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Men in Black: How the Supreme Court Is Destroying America
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Men in Black: How the Supreme Court Is Destroying America

4.1 of 5 stars 4.10  ·  rating details  ·  1,114 ratings  ·  100 reviews
Conservative talk radio host, lawyer, and frequent National Review contributor Mark R. Levin comes out firing against the United States Supreme Court in Men in Black, accusing the institution of corrupting the ideals of America's founding fathers. The court, in Levin's estimation, pursues an ideology-based activist agenda that oversteps its authority within the government. ...more
Paperback, 256 pages
Published August 1st 2006 by Regnery Publishing (first published January 6th 2005)
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Apr 24, 2008 Michael rated it 5 of 5 stars
Recommends it for: Political Science and Journalism students; anyone interested in govermnent or politics
When I earned my degree in Political Science, one of the most interesting courses I took was in Constitutional Law. I've also read widely about the framing of the Constitution and the early history of our nation. This NY Times Best Seller lived up to all the hype I heard about it. Mr Levin, aReagan-era appointee, radio-talk-show host and Constitutional Law expert succinctly describes how the Supreme Court has taken unto itself unprecedented power to legislate from the bench. Having just viewed t ...more
This book clearly chronicals the systematic over-reach by the judicial branch, detailing the general disregard of the Constitution by the the same branch charged with evaluating the Constitutionality of Federal law.

Of particular historical interest was the efforts of the Supreme Court to uphold slavery in disregard of the 10th amendment and "seperate-but-equal" segregation. Of current interest is the the modern efforts of liberals to use the court as a vehicle to advance goals they are unable t
Howard Olsen
There are about a billion books out there about the conservative approach to constitutional law that are more scholarly and/or even-tempered, but this one is the most direct, succinct and comprehensible for the lay reader. Some of the issues presented (abortion, first amendment) might be familiar, since they are the ones that receive a lot of popular attention; but Levin's discussions about more esoteric matters (commerce clause, privacy, filibuster) that make this book valuable. The sad fact is ...more
This right-wing rant is the result of shallow reasoning, biased reporting, and disingenuous scholarship. Levin's prejudice and combativeness ruin his effort. He conveniently dismisses all of the Supreme Court's so-called liberal decisions with which he disagrees on ideological grounds as "judicial activism," while ignoring the modern judicial activism of conservatives. In fact, Levin actually fails to mention the greatest judicial activism in American history: When five conservative Republican a ...more
Mark Levin's book falls into some of the usual pitfalls that almost all biased political argumentation today falls into--evidence is often stretched and recontextualized to fit certain predisposed conclusions. The book is clearly well researched, and Levin is no doubt quite knowledgeable about legal process and the language of the US Constitution, but his conclusions are often stretched to a degree that no longer fits the evidence. I would hesitate comparing his method to a smokescreen, for I am ...more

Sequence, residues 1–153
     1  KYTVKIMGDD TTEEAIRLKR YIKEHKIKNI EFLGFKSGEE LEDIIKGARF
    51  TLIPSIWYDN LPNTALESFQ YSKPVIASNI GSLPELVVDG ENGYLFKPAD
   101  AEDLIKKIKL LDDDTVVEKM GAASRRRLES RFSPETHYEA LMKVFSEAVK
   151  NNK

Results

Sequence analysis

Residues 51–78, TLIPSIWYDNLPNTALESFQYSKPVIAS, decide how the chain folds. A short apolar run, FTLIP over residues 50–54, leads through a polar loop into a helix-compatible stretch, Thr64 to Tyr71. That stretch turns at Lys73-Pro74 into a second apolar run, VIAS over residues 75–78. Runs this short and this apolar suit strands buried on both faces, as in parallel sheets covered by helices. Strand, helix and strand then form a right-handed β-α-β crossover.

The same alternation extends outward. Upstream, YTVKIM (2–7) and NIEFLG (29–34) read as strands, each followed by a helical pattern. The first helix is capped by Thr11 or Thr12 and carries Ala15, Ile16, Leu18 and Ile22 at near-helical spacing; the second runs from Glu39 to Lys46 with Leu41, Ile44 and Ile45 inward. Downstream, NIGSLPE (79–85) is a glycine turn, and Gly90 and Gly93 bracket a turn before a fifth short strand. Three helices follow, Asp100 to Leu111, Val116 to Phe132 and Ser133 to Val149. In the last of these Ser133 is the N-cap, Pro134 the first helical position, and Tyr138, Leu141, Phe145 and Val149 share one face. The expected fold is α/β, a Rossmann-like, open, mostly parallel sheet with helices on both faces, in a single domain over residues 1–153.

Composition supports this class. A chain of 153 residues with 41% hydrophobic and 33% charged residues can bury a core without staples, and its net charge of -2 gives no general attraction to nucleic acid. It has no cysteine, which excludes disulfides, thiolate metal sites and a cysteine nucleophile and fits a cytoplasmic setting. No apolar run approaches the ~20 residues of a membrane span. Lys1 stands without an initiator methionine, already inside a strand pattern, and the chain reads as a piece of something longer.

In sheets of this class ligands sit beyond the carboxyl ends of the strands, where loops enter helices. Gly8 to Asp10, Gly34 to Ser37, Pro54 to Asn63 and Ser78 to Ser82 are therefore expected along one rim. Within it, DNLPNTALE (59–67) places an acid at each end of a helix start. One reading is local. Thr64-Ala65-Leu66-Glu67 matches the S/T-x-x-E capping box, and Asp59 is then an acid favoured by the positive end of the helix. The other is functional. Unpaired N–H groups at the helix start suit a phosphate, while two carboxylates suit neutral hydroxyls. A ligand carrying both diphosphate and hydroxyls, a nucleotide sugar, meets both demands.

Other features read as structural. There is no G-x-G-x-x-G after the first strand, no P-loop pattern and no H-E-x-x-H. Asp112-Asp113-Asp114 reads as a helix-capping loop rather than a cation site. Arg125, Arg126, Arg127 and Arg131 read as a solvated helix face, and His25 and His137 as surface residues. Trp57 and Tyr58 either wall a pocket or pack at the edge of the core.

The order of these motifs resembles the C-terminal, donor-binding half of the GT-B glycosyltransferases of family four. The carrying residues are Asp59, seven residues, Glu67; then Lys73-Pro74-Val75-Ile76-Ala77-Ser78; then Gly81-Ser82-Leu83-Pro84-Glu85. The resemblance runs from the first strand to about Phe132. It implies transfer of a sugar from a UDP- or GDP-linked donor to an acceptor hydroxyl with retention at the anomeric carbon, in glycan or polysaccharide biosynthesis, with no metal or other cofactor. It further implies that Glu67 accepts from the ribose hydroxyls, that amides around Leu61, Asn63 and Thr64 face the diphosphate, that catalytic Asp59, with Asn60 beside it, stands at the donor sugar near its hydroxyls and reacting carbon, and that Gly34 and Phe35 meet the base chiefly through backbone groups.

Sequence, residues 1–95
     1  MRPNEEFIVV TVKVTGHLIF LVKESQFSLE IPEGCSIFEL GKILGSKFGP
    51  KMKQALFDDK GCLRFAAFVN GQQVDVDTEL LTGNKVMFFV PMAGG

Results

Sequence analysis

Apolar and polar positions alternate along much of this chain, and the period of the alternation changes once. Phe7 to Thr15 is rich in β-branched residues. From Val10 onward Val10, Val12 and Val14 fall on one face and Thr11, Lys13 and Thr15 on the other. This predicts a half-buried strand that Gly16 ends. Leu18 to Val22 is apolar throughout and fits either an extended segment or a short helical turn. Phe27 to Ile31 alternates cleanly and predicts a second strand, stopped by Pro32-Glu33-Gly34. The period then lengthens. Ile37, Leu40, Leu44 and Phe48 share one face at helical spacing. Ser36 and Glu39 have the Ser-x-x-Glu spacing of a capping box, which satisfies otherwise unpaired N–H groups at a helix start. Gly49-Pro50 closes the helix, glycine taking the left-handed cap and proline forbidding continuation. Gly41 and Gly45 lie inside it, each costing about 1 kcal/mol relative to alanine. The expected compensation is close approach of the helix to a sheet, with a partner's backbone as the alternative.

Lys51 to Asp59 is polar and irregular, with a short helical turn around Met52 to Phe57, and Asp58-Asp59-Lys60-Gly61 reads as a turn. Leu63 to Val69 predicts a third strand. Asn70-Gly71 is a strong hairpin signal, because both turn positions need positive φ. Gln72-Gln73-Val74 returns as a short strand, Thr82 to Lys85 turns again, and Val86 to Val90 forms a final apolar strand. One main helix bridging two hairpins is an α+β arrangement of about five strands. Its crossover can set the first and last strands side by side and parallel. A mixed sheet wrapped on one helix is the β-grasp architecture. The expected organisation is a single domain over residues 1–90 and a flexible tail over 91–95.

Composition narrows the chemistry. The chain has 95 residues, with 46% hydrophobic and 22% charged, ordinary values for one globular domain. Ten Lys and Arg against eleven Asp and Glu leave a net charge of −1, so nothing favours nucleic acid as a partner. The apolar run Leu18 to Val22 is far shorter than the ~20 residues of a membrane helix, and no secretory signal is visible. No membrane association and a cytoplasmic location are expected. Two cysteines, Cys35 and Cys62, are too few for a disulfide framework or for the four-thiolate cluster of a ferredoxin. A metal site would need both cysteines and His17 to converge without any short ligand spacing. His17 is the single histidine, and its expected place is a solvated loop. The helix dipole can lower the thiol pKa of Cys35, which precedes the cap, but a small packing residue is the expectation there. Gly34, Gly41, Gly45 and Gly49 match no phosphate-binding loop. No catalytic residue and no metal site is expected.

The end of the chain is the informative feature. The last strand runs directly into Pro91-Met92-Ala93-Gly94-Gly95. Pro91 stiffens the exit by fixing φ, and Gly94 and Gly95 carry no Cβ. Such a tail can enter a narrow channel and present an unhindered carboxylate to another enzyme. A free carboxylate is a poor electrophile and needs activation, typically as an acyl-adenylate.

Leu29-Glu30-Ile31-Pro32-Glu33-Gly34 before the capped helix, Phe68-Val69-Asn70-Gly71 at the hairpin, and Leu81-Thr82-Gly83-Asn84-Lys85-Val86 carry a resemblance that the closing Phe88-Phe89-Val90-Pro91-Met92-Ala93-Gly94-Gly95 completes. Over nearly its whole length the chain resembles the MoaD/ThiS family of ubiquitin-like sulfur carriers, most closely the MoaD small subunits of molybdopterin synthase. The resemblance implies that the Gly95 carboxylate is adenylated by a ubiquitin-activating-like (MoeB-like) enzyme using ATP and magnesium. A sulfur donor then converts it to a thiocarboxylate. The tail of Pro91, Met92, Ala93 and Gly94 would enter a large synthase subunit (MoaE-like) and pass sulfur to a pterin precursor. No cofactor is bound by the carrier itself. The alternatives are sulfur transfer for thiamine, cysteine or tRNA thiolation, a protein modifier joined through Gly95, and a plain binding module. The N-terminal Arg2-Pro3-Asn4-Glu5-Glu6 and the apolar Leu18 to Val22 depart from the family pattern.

Joshua Nuckols
I appreciated his frustrations with the judiciary, for they mirror my own. I'm a law student, and the refusal of the SC to tether its opinions into solid, historical, law as enacted and ratified by the people -- can be disheartening.
This book is about how the author feels the Supreme Court is destroying America. I am a sort of in the middle person. Some people will agree with this book and some will hate the book. It just depends how a person feels. This author is a lawyer and he specializes in constitutional law and he thinks we should stick closely to the constitution. He belongs to a conservative law firm. He says that since the 1960's the judicial branch led by the Supreme Court has acclerated it;s path of usurping auth ...more
Mel Foster
As a libertarian I can't deny I approached some chapters of this book with skepticism. How, for instance, would Levin argue that noncitizens shouldn't be given the same basic natural rights as U.S. citizens? For the most part, Levin makes his case well. He certainly establishes the idea that Supreme Court justices are human and will and often have in the past made grave errors. He also argues well that when a justice discards an originalist philosophy toward the constitution, he or she is free t ...more

Mark Levin frames and spurs the discussion of the role of the judiciary -- especially the Supreme Court -- in our society as a Constitutional republic.
He argues the Court has systematically abused its role as one of the three listed branches of government. He presents the inherent struggles between the branches to guard against an overreaching legislature, a monarchical executive, and an unrestrained court. He contends that the Supreme Court (and subsequently lower courts) has overs
Mark Levin is really at his best in this one, because as an attorney and Constitutional scholar, he knows this material like no one else, and can somehow communicate it in lay-fashion to dummies like me! Interesting that right from America's shaky beginnings, the founding fathers were concerned about this third branch of government, the judicial, slowly sneaking into areas in which it didn't belong, and slowly but surely usurping the legislative and executive branches to become heavily weighted ...more